These days, writers for TV shows don’t come up with “original” characters anymore. That was in the early days of episodic storytelling. Today, every character is a stereotype to a degree because everything has already been done one way or another. Writers come up with “good”, “bad” or “medicore” characters now. That said, this article is about the quality that makes Pope a “good” character – maybe even with the potential to become “great” over time.
We live in the age of shades of grey, where heroes may have flaws and villains may have valid points. Yet it is still rare to find characters who truly sit on the fence and possess the quality of being unpredictable. Rick Grimes, of Walking Dead fame, makes certainly a lot of weird choices, but in the end, you can expect him to do what’s best for the group. Dr. Rush, of Stargate Universe fame, shrouds his motives in mystery, but in the end, you can expect him to do what’s best for his own, mysterious goal, even at the expanse of the group. Not Pope. He is neither altruistic nor selfish – he’s somewhere inbetween; does the “right thing for the wrong reasons” one day and the “right kind of wrong” the next day.
Pope carries large parts of the burden to provide the one thing that makes a group interesting enough to gain a following of watchers: conflict. Yes, there is Ben and the question where he stands between humans and skitters, but that is a whole different thing. Ben provides plot conflict, Pope provides character conflict. Ben’s fate is directly tied to the Big Bad: the aliens. Pope brings the conflict between characters, challenges them to take a stand in a different matter – how far are they personally willing to go, what risks are they willing to take, what price are they willing to pay for their freedom? He’s the radical who directs the view of others to their own moral event horizon, as humans in a pretty bad place, faced with pretty tough choices. He is the mirror telling the queen that Snow White is prettier, metaphorically speaking, and demands an answer how she is going to deal with it.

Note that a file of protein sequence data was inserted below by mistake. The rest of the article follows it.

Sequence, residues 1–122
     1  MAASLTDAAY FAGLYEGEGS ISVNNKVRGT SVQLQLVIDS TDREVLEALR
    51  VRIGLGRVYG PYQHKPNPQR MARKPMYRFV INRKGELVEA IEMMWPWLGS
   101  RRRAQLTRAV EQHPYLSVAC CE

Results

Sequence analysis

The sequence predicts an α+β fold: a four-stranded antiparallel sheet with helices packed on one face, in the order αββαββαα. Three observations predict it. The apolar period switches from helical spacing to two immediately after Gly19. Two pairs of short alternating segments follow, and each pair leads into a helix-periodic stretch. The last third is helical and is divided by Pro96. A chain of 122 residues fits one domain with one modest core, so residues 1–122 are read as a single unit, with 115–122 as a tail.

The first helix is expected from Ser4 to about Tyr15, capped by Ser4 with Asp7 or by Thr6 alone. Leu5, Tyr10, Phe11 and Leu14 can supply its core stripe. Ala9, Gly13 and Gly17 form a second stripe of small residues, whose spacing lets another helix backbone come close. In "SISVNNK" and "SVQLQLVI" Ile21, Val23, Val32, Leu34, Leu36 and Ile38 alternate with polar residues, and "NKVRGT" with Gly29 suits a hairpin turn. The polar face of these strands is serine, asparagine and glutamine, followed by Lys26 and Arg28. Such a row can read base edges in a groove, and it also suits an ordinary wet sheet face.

Combined with his status as a wildcard, that makes Pope essential to the success of Falling Skies. Without him, the core of storytelling – conflict – is limited and focussed on the enemy. But to make characters memorable – and likable – they also need to make personal choices and show the viewer “this is who I am and what I stand for; this is how far I would go – and no step further”. And that’s exactly what Pope brings out of others.
Last but not least, someone on imdb.com claimed there’s no reason Pope needs to return soon because “he has no relationship potential”. This may be a really stupid reason, especially if many people are already unhappy about the ridicilous amount of screen time dedicated to (romantic) relationships in the last episodes, but still, let me deal with that. Because, y’know, I strongly disagree. Pope has a damn lot “relationship potential”. With me, the viewer. He’s the frienemy that makes my life exciting. The annoying little brother who can’t keep his mouth shut when he should, but is still my little brother at the end of the day, and I still love him despite his shortcomings because blood is thicker than water, if nothing else. The best friend who gets us in trouble – and out of it – on a daily basis and then says something so funny that I just can’t be mad at him. Falling Skies doesn’t need any more romance. But there’s nothing wrong with a little bromance and fire forged friendship, and for that, Pope sure has a lot potential.
Originally written for fallingskiesblog